No, they are not looking in the wrong place for revenue. They are FINALLY looking in one of the right places. At last! They've been persecuting the have nots for far too long. Now let's see if they can own up to all the other places they SHOULD have been looking.
    Dave V
    2nd Aug 2017
    12:42pm
    I don't think it helps anyone to be getting abusive about people who have earned a lot of money, and saying they should be doing even more to pay for the running of our country. Don't forget that, with our progressive tax system, a huge proportion of the population pays no tax and a relatively small proportion of the population pays a large amount of tax - so that those at the bottom of the scale don't have to pay tax.

    I don't have a problem with such a progressive system. However, given that the high income earners cough up near on half their marginal income in tax, maybe it would be better to lower the highest tax rates. At some point then, there would be no incentive for the wealthy to keep finding new ways to avoid paying tax, as the money they spend in setting up these trusts and paying accountant/lawyers fees, would be more than what they'd save. Then the net return to the Government (us) in tax would be higher than the short-term return gained by just closing one loophole, only to find that the wealthy have found another loophole down the track and we're back to square one again.

    Mind you, I think it would be better to grow a culture where people want to pay more tax to look after the poorer people in our society, as seems to happen in some of the Scandinavian countries. But I won't hold my breath about that, particularly when I read so many comments abusing people who've worked hard to make a quid.
    Anonymous
    2nd Aug 2017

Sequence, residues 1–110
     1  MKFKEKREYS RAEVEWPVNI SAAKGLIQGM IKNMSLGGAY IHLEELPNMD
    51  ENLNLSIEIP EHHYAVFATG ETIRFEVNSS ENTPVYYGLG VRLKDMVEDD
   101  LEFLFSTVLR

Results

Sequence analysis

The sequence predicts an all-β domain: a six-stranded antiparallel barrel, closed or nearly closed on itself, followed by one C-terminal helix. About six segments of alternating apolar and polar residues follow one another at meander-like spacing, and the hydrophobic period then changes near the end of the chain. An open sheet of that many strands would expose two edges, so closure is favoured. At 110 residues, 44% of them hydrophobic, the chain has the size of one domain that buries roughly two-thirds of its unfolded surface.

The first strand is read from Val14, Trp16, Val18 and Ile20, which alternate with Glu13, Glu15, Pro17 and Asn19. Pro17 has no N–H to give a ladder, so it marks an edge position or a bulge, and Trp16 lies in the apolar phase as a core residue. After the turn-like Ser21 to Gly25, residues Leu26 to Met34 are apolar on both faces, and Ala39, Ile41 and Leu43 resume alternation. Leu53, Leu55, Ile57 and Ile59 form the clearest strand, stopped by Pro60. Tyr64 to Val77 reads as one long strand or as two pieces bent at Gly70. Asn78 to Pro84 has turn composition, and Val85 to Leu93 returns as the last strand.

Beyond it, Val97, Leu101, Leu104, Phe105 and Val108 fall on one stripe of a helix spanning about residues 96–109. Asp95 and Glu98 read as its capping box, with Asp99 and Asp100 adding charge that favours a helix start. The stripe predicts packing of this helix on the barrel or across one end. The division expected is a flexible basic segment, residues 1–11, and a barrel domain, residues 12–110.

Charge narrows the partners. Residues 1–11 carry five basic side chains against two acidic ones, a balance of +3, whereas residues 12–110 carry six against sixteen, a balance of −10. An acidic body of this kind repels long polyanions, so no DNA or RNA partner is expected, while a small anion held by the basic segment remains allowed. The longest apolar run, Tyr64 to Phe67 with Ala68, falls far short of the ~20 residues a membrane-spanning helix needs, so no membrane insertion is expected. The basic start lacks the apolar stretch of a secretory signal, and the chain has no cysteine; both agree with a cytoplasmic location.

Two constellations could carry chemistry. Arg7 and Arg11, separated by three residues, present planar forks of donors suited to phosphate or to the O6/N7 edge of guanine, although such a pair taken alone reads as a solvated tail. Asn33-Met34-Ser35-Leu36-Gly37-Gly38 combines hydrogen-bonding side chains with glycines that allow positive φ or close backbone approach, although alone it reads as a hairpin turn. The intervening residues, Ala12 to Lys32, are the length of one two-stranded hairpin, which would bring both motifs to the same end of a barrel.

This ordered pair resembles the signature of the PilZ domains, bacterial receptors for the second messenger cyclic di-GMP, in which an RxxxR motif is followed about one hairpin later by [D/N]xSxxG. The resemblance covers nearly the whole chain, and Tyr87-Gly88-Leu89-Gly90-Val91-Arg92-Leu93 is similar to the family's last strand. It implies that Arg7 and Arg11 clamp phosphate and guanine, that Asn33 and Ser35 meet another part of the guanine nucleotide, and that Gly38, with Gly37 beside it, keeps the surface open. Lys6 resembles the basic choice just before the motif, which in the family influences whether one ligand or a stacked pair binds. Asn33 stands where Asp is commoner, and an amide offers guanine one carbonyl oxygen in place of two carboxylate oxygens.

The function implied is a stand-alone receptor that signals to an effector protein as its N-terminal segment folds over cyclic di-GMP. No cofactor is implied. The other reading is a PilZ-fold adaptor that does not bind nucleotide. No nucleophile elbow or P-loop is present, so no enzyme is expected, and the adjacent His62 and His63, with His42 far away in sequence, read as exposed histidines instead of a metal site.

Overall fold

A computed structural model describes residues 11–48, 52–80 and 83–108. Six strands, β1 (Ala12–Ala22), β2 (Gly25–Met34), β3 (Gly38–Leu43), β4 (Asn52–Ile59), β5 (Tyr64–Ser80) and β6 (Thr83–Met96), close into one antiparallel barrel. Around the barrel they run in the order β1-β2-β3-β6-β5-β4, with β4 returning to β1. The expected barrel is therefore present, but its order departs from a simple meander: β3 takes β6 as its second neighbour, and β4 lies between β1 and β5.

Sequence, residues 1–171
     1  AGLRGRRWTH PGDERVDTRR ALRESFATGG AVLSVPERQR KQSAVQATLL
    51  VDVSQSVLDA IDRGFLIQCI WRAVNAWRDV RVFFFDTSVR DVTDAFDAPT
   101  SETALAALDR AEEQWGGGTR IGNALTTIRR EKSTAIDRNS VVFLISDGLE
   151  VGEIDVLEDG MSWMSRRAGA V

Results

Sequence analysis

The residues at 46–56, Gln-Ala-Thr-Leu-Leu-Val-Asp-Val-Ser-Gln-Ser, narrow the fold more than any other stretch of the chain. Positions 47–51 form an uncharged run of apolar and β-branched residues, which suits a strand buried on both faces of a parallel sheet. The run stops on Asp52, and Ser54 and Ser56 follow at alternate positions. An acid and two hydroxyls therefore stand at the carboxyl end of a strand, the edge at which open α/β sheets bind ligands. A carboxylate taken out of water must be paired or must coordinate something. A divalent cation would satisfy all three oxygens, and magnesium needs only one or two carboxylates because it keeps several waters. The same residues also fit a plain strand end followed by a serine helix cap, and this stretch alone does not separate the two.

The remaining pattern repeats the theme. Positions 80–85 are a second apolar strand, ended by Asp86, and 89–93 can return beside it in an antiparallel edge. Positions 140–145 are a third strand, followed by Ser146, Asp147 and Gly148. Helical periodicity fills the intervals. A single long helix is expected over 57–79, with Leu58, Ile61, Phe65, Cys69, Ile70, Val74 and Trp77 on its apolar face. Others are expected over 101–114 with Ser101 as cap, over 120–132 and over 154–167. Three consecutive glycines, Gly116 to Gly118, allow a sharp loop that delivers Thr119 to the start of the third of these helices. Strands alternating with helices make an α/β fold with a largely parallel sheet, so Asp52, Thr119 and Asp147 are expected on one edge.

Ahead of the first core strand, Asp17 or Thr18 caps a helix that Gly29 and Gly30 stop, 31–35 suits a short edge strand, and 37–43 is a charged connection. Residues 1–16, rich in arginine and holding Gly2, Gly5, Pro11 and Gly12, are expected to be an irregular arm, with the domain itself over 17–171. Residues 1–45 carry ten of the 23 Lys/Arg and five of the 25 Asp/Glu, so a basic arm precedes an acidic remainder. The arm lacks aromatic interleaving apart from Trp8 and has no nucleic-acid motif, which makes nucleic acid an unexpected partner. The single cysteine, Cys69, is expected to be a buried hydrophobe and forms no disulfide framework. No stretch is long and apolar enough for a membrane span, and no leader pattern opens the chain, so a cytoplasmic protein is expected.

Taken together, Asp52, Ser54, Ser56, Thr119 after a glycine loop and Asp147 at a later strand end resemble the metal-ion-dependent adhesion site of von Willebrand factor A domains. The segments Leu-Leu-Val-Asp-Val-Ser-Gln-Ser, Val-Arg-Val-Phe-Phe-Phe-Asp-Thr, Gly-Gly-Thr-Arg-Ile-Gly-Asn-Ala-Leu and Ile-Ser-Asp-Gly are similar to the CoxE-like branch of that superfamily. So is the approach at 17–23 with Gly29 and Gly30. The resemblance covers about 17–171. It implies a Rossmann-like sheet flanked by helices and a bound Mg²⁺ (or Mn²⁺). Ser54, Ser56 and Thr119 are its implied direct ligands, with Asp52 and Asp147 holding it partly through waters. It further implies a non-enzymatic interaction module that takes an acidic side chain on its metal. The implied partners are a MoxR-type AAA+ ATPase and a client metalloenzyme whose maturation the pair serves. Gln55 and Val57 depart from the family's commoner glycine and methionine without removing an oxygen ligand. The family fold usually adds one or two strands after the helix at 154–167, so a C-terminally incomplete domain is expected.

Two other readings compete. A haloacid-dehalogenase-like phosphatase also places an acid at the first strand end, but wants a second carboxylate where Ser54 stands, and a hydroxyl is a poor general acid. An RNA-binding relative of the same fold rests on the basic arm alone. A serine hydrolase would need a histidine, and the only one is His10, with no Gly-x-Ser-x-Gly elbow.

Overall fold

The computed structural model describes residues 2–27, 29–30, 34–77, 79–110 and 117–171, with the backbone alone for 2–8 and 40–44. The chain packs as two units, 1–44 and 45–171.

1:03pm
    The problem, Dave, is that the progressive tax system no longer operates as it should. It slugs the struggler who earns a little overtime or works hard for a promotion and small pay rise, but as soon as one gets to high-earner status, all the rorts and dodges ensure that they pay virtually nothing. And dropping the tax rate won't help unless EVERY SINGLE RORT is eliminated. There will always be incentive for the wealthy to dodge tax because their greed is insatiable, and that's not being abusive about people who have earned a lot of money. That's just stating fact. A relatively small portion of the population pays a large amount of tax so those at the very bottom don't have to pay any. That's true. But the small proportion who pay a lot are the lower to mid-middle income earners - NOT the wealthy, who, pay NOTHING.

    Nobody is abusing or punishing people for earning a lot of money - just declaring that they should finally start paying their dues to the society that has so blessed and endowed them and ENABLED them to earn so much. Reform is long overdue.
    Anonymous
    2nd Aug 2017
    1:06pm
    BTW. I worked damned hard to make a quid - and did it far tougher than most. But as a member of the upper working class or lower middle class, I never had access to tax rorts.

    My niece works very hard as a cleaner and nanny for a barrister who earns nearly $1 million a year. She earns about $33,000 a year, and pays more tax than her employer. The gardener also pays more tax that his barrister employer. Tell me there's anything fair about that.
    Old Geezer
    2nd Aug 2017
    1:49pm
    What a lot of rubbish Rainey? How would you know how much tax that barrister pays? Your niece should consider herself lucky she has a job and same for the gardener. Maybe she wont have a job if her employer has to pay more tax as he could simply employ an au pair for so much less instead.

    Rainey we have all had it tough and I sometimes wonder if you really know what tough is from your comments. It could not have been that tough as you would never have got to where you are today.

    Of course you are abusing and want to punish people who have more than you otherwise why go on about it at all. I couldn't frankly care less.

    Some of the biggest rorts today are the NDIS , Gonski, aged care, RTOs and home care. Some people are making zillions out of them instead of the money going to where it was intended. There are a few more but in the interests of them being political sensitive I'll leave them alone.